We’d spent a lovely night at Juncalito Beach with friends. I was really hoping to visit Agua Verde for Saturday night, but we had two issues to contend with.
First, Eric ran out of liquid for his vaporizer, though he thought he’d brought enough to get to La Paz. His vaporizer holds a small fraction of nicotine compared to any cigarette out there, but the absence was still impacting him.
Second, we’d heard a vibrating noise near the front driver axle on two occasions. Once coming out of Puffer Fish Beach, and the other leaving Juncalito. On both occasions, we were in 4-wheel drive. Once we were back on the road, the sound eventually stopped. Until we could diagnose the issue, we didn’t think 4×4 was the best choice for our home on wheels.
So to the big city we went.
Watch video footage of our time in La Paz on our Instagram Story.
First Impressions of La Paz
La Paz is the capital of the state of Baja California Sur. While there, your three-year-old may ask, “Why did we stop?” because he hasn’t seen a stop light since Ensenada.
For those who crave a big city fix every now and again, La Paz has everything, including the big box stores, boutique indie shops, varied cuisine, and beautiful street art.
We were trying to avoid landing during Carnival because we figured everything would be packed. But we didn’t run into any crowds other than near the malecon where the festivities were actually taking place.
Where We Stayed in La Paz: Beach Camping
We had three beach camping options at the top of our list: El Mogote, Playa Balandra, and Playa El Tecolote. El Mogote is on the far west end of La Paz, so we nixed that one until we could deal with our Jeep issue.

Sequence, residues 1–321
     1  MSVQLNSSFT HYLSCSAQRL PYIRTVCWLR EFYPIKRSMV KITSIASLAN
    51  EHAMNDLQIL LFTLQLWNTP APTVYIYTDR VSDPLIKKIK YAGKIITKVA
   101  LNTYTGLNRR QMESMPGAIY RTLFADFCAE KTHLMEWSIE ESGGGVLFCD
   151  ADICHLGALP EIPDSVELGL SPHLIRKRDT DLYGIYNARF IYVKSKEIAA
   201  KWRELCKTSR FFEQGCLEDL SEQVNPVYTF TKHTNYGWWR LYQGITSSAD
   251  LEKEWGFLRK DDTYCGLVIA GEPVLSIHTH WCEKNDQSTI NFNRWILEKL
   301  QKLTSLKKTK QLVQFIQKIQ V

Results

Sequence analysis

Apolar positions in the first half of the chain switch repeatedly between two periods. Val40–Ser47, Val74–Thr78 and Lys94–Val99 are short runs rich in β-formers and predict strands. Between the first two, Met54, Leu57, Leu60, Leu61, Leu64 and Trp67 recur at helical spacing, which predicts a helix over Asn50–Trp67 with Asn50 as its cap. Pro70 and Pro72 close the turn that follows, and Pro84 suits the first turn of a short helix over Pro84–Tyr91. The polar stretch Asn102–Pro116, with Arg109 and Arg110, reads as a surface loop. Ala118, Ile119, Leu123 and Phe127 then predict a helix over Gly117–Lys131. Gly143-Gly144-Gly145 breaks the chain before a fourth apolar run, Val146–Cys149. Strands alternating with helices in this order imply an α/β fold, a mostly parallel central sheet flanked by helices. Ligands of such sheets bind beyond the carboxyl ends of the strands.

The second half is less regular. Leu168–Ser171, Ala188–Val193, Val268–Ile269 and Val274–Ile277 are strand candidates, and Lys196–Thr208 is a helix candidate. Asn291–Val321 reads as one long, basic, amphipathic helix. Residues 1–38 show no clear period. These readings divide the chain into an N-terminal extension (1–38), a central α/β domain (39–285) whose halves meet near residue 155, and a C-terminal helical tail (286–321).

Playa Balandra and Playa El Tecolote are close to each other, and not too far north of the malecon and downtown La Paz. We were already downtown, so we headed for El Tecolote.
We arrived on a Saturday around sunset, and the beach was packed. But we kept driving in until the crowd thinned. Once we hit heavy sand up the ridge, we were the only ones camping. We were wiped and that was good enough for us. But as an FYI, you can actually go around the cliff by the water, or go farther back from the water, to get more remote camping at El Tecolote.
Despite the crowds, it was a beautiful spot. Only real cons: we missed seeing the stars with all the city light pollution, and there were some wasps and flies to avoid. But on the pro side, the sand was soft and clean, and the water view was stunning.
Where We Stayed in La Paz: Established Campground
After Eric’s long Sunday of trying to figure out what to do with our Jeep (more on that in a sec), we started heading to El Mogote for the night.
But because of mechanic plans for Eric and overland friend plans for me on Monday, we redirected at the last minute. This cut half-an-hour off our commute the next morning. Campestre Marantha was right where we needed it to be, so we pulled in.
What a lovely campground with a ton of ammenities. Though we were geared up for more beach camping, reality was we were ready for showers and laundry. Here’s a quick run-down of what to expect:
- Laundry room with lots of washers and one dryer, plus a large clothes line area right outside.
- Two bath houses for overlanders and RVers. The one by us had private rooms with a bathroom and shower, like Romanita in Loreto.
- Nice swimming pool
Parking was abnormal because of a big yoga event Campestre Maranatha was hosting. Instead of parking in the regular dry camping area, we stayed in a vacant cottage driveway, right by the laundry/bathrooms in the back. This was super convenient for our short stay and need to reset.
The nightly rate was 300 pesos ($15 USD), plus 70 pesos to wash and dry one big load of laundry.
Activities and Restaurants in La Paz
Vrentino. That’s all you need to know.